Fallon, as played by Edmond O'Brien, is an interesting character, but too two-dimensional for us to truly relate to. Yes, he's the G-man, and as such, is the good guy. But he's either playing Jarrett's hand, or he's waiting to collar the criminal. Jarrett is far more interesting, and not just because of the excellent performance from James Cagney. Cagney, a pugnacious and energetic performer, is rarely better than he is here, as one of the truly scary mobsters of the era, heightened by the character's childish nature. He kills not only without remorse, but often without reason. His headaches, which began simply as a way for people to pay him some attention when he was a kid, have become a thing of reality, throwing him into fits where he slams his balled-up fists against anything that will take the blows.
Oh, and he's a real momma's boy. Yes, the beginning and the end of all the problems Cody has is his mother, played by Margaret Wycherly. Ma is a scheming, evil woman, someone who fuels Cody's psychosis and encourages it. His connection to her borders on being so over-the-top as to incite laughter. One scene that stands out is when Cody finds out that his Ma has died. Cody's in prison at this point, joined by Fallon, in his undercover ruse. Cody finds out while eating a meal, and the wild, frantic tantrum he throws, replete with screaming, crying, and even a bit of fighting, goes from being sad to laughable back to being sad. Cagney sells this anger, this grief so well that you're choking on your laughter, because the feelings are so raw and real.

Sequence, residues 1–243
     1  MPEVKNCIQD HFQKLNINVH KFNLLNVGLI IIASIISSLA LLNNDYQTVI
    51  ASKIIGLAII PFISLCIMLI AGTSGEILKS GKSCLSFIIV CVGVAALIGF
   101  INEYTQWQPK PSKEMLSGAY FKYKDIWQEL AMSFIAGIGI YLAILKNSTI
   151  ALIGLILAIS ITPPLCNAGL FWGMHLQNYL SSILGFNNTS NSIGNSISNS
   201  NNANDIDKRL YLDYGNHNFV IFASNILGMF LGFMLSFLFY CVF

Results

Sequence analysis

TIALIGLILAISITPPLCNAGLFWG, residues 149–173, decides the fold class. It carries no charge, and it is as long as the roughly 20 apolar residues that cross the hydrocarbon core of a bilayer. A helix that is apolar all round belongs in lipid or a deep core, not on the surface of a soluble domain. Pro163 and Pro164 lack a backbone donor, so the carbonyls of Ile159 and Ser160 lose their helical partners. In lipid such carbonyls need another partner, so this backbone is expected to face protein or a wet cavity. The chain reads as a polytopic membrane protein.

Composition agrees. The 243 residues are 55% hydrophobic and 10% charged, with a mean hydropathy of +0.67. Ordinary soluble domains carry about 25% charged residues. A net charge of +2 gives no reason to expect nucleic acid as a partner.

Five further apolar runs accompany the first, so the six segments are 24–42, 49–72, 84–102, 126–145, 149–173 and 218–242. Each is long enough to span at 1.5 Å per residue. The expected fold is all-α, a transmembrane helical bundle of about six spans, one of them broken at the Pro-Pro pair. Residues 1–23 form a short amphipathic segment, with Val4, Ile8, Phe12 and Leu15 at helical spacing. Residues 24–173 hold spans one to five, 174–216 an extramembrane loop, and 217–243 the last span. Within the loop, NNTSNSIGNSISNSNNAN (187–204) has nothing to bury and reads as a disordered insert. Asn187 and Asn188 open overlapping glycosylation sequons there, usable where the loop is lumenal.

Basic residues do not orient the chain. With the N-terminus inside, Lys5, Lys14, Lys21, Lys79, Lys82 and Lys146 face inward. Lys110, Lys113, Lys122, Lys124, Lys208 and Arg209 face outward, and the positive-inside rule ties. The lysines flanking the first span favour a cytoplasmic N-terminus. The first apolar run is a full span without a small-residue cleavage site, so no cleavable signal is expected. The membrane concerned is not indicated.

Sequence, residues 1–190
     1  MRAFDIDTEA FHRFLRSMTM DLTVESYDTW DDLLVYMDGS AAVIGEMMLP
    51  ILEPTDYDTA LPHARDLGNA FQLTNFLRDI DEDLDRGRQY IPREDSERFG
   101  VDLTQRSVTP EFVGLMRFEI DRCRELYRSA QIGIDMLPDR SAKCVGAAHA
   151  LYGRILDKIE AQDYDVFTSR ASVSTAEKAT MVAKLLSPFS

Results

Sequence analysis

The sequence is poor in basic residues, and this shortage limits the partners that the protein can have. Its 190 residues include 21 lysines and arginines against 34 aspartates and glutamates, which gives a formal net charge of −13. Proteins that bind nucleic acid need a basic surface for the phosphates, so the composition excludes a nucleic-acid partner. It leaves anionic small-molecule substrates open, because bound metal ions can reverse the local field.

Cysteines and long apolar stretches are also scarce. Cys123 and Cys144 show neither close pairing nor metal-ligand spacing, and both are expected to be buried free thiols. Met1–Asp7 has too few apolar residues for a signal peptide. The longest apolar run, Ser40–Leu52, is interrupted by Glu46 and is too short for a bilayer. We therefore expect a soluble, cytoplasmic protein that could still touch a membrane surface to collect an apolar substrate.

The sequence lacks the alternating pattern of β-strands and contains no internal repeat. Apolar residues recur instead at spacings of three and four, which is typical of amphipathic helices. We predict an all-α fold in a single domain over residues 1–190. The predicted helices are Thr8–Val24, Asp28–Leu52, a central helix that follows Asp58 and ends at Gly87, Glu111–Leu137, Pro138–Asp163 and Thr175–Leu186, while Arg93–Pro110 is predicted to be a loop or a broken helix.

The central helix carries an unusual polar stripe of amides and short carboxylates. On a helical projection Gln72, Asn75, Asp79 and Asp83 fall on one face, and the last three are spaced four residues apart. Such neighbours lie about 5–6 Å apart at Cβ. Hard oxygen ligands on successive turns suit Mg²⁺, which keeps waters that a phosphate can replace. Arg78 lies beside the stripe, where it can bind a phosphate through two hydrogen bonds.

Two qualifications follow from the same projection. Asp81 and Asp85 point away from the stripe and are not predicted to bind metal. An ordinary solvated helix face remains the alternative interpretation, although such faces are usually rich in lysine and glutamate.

White Heat is best remembered, of course, for that final scene, but it's Cagney's performance throughout that makes the climax so iconic. Put another actor in that setting, and it doesn't work. Cagney is a fully committed actor, in all of his films. Yankee Doodle Dandy, while being the complete opposite of White Heat, is a lot of flag-waving fun, mostly because of how dedicated a performance Cagney provides as George M. Cohan. From his earlier work, as in The Public Enemy, to his final role, in Ragtime, Cagney was not a performer to be trifled with. I found myself somewhat disappointed with the aspects of the film dealing with Fallon, who's made a bit more bland thanks to O'Brien. While it's wise for the actor to let Cagney to do his thing, he brings nothing to his role that another block-faced performer couldn't have done as well.
White Heat came near the end of Cagney's career, despite being released over 30 years before his final performance. In between 1949 and 1981, Cagney would appear in such films as Mister Roberts and Man of a Thousand Faces, but White Heat represents something of the beginning of the end of the actor. He was a singer, a dancer, and an actor, but his work in gangster movies is the stuff of legend, even if his most iconic scenes are the ones in which his viciousness is at its height (The Public Enemy features an infamous scene where he shoves a grapefruit in a woman's face). Cagney was a smooth performer, able to inhabit his characters so well while maintaining what his public persona was. For him alone, White Heat is well worth watching.